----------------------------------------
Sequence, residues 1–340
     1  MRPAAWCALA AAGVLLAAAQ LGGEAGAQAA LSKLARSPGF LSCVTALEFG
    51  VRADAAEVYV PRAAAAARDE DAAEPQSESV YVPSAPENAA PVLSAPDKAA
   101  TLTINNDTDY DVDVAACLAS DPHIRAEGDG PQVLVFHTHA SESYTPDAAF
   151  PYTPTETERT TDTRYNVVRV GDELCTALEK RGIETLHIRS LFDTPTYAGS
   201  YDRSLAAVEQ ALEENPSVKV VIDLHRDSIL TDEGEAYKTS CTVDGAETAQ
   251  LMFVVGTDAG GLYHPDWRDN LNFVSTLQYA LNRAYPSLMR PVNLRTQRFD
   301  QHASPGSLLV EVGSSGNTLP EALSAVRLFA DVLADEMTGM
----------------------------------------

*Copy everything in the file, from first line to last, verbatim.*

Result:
Sequence, residues 1–340
     1  MRPAAWCALA AAGVLLAAAQ LGGEAGAQAA LSKLARSPGF LSCVTALEFG
    51  VRADAAEVYV PRAAAAARDE DAAEPQSESV YVPSAPENAA PVLSAPDKAA
   101  TLTINNDTDY DVDVAACLAS DPHIRAEGDG PQVLVFHTHA SESYTPDAAF
   151  PYTPTETERT TDTRYNVVRV GDELCTALEK RGIETLHIRS LFDTPTYAGS
   201  YDRSLAAVEQ ALEENPSVKV VIDLHRDSIL TDEGEAYKTS CTVDGAETAQ
   251  LMFVVGTDAG GLYHPDWRDN LNFVSTLQYA LNRAYPSLMR PVNLRTQRFD
   301  QHASPGSLLV EVGSSGNTLP EALSAVRLFA DVLADEMTGM